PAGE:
Air pollution mitigation can reduce the brightness of the night sky in and near cities
We wanted to briefly draw attention to a paper published last week in Nature Scientific Reports: https://www.nature.com/articles/s41598-021-94241-1. We build on existing work connecting air quality with skyglow formation through a combination of radiative transfer theory and simulations, plus a field experiment simulating a persistent reduction in air pollution during which we measured a decrease in skyglow consistent with our calculations.
We concluded that reductions in air pollution from any cause, whether due to short-term weather changes or persistent efforts to improve air quality, would result in the kinds of skyglow reductions indicated by our models and supported by our field observations. The result adds a further benefit to reducing air pollution beyond the well-known public health improvements seen to follow clearing of polluted air. But as a means of improving night skies over cities, we stress in the paper that air pollution reductions should not be relied on as an alternative to conventional light pollution reduction methods such as proper outdoor lighting design.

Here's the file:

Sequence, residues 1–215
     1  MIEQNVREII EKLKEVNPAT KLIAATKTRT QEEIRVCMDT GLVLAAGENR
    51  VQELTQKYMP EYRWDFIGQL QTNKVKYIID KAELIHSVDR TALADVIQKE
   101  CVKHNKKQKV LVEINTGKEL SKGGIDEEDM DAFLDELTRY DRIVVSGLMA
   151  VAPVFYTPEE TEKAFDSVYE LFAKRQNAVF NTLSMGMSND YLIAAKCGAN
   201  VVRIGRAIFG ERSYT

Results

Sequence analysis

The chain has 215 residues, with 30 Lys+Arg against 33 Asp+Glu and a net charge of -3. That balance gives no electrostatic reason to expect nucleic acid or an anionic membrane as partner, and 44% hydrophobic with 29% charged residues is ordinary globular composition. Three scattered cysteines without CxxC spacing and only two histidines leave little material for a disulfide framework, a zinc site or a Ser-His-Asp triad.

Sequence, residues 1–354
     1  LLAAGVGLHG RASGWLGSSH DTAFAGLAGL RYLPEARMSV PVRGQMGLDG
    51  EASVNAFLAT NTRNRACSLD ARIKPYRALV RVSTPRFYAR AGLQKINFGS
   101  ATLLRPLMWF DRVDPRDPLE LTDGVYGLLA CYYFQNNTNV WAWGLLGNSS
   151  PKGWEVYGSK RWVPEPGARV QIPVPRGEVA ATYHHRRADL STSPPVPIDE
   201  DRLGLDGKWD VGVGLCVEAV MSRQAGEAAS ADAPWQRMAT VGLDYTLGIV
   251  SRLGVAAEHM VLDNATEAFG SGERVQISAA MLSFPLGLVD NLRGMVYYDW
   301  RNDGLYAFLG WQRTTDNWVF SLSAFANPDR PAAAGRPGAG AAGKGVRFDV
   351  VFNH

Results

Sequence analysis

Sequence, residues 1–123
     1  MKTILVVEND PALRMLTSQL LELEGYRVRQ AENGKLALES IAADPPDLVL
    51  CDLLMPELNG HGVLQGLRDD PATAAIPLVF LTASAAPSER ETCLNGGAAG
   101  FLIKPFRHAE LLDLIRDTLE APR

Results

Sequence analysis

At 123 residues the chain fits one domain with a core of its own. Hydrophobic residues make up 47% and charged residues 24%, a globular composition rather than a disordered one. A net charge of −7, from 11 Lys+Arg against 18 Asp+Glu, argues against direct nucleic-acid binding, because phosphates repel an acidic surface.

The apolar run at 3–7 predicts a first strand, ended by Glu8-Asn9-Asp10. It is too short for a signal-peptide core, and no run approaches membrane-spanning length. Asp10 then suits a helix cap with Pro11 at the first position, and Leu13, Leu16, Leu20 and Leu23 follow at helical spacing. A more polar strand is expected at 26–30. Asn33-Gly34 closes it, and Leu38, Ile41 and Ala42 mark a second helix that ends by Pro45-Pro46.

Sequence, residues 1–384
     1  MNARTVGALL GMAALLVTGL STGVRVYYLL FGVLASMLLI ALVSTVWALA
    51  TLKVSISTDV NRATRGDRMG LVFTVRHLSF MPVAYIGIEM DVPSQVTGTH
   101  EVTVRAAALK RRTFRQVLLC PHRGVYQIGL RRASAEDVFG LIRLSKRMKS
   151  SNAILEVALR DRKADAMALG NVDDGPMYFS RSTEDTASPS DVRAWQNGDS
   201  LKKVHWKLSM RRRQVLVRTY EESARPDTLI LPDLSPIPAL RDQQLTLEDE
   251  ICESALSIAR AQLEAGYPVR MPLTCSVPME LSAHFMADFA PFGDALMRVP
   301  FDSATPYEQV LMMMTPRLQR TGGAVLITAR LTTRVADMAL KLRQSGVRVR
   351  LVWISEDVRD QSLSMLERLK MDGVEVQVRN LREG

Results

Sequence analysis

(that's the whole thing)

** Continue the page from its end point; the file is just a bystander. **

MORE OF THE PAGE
To reduce skyglow over cities, reducing air pollution should be seen as a tool that enhances rather than replaces techniques that we know work quite well. Using outdoor light at night wisely, including a diminished dependence on outdoor lighting through advances in lighting technology, remains the cornerstone of any effort to make meaningful improvements to urban night skies.
Miro Kocifaj (Slovakia) and John Barentine (USA)